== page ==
Clarence Thomas is one of the most prominent and distinguished alumni in the college’s history, probably rivaled among living alumni only by Boston Celtics legend Bob Cousy and, if you must include him, Dr. Anthony Fauci. Justice Thomas is in the arena of legal and political controversy, so I would never argue that he should be immune from criticism, including criticism from individuals within the Holy Cross community. (I have not hesitated to quarrel with Justice Ketanji Brown Jackson, even though she was in my law-school graduating class). But for the president of the college, its public representative, to wield the authority of his position to criticize Thomas is a disservice to the college, its students, and its alumni. Doing so says much about how politics have superseded a sense of good stewardship among so many of the liberals and progressives who today run our major institutions.


Think about it: When you hear from your old school, the tone used to discuss prominent alumni is typically as celebratory as a family Christmas card talking about the kids. This is intended to convey a sense of communal pride not only in the accomplishments of alumni but also in the many and varied paths they have taken in life. It’s supposed to convey a sense of family and belonging, and for alumni of a politically or socially left-leaning bent, it is nearly always done without a sense of judgment. That is doubly true of a small college with a huge reservoir of communal spirit and a long tradition of families attending across multiple generations. It is certainly how Holy Cross talks about all the other illustrious members of that group of black men—many of them prominent in public life—who were recruited along with Thomas.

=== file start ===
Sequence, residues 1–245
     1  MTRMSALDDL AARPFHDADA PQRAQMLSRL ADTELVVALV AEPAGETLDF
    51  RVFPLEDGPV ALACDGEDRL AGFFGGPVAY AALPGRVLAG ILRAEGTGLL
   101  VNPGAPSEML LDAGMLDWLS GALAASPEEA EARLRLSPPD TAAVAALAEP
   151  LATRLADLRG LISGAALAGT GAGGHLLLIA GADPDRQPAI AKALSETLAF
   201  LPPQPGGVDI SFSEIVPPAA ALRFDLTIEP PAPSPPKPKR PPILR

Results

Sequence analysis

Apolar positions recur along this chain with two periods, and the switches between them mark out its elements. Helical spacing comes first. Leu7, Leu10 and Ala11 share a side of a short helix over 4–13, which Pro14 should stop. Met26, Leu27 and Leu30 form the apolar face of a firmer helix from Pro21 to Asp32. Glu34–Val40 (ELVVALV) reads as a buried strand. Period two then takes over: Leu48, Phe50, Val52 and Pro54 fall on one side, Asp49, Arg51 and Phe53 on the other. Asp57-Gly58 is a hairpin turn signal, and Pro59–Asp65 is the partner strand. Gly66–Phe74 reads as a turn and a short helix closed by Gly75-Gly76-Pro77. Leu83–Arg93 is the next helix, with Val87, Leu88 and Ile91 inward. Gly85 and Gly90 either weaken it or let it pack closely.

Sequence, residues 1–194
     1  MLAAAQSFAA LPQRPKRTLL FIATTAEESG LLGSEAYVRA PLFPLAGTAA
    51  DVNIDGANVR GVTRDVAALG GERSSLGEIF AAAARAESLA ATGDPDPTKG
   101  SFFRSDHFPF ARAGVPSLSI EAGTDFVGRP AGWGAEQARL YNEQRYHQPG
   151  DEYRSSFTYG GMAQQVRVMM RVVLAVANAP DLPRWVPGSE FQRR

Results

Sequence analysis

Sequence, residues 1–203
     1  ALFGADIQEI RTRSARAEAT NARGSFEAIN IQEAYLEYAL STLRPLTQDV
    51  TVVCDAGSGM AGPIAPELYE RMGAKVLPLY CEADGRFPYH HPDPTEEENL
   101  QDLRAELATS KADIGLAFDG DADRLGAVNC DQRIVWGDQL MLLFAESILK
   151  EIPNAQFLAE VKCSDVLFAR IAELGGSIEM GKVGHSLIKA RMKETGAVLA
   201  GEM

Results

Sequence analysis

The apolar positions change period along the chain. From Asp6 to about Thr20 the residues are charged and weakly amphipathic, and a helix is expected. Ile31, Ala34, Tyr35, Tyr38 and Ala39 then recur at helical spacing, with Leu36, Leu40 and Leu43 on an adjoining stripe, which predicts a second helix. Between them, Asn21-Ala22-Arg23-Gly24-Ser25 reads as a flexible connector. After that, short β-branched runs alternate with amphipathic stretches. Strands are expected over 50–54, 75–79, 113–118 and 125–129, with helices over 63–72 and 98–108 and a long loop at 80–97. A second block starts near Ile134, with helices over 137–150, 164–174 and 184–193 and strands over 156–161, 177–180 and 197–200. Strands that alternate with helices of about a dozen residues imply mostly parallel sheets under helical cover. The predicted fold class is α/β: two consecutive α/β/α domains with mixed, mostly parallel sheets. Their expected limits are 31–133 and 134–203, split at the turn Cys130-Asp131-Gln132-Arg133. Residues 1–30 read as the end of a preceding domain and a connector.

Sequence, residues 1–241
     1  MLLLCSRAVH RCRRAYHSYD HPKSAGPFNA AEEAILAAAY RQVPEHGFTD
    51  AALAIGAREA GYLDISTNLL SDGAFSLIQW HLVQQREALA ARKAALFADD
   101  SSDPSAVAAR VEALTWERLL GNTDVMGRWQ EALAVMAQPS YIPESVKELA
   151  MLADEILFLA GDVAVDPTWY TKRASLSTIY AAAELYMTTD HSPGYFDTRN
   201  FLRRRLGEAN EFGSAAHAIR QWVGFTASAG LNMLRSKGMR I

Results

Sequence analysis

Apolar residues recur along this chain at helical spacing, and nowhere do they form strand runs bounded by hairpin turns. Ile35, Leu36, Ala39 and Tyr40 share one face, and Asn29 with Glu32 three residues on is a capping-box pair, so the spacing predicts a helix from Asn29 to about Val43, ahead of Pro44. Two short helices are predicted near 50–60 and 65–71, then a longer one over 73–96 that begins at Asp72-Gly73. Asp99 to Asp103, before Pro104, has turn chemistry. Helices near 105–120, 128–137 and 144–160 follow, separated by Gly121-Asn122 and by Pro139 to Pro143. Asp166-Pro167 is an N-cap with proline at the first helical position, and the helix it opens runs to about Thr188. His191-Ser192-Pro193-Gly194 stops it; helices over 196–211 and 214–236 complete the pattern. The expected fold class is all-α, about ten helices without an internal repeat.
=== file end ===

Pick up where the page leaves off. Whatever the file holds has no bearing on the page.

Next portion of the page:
The message sent by these sorts of jeremiads, when they are done with the official seal of the school’s approval, is not merely we disagree with you, but you do not belong; you are not one of us. Is it any wonder that conservative-leaning students and alumni, even those who are not all that politically active or vocal themselves, frequently feel alienated from their schools by this kind of thing?


10. At Brownstone Institute, Rob Jenkins surveys the battlefield of campus closures and assesses the damage and consequences. From the analysis: 

For years, higher ed leaders have known we were headed for an enrollment “cliff.” As I explained in a November 2019 essay for The Martin Center, the US birthrate basically fell off the table in 2008, with the onset of the Great Recession. Adding 18 years (the average age at which young people start college) to 2008 takes us to 2026. That’s when enrollment was expected to drop precipitously due largely to demographics—namely, not as many high school graduates.